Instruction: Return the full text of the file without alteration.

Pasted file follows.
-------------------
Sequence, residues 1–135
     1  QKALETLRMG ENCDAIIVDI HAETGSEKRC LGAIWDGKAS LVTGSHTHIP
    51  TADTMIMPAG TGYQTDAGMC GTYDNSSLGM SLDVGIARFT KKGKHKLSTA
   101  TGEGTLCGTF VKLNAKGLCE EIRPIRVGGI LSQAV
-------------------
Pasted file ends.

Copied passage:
Sequence, residues 1–135
     1  QKALETLRMG ENCDAIIVDI HAETGSEKRC LGAIWDGKAS LVTGSHTHIP
    51  TADTMIMPAG TGYQTDAGMC GTYDNSSLGM SLDVGIARFT KKGKHKLSTA
   101  TGEGTLCGTF VKLNAKGLCE EIRPIRVGGI LSQAV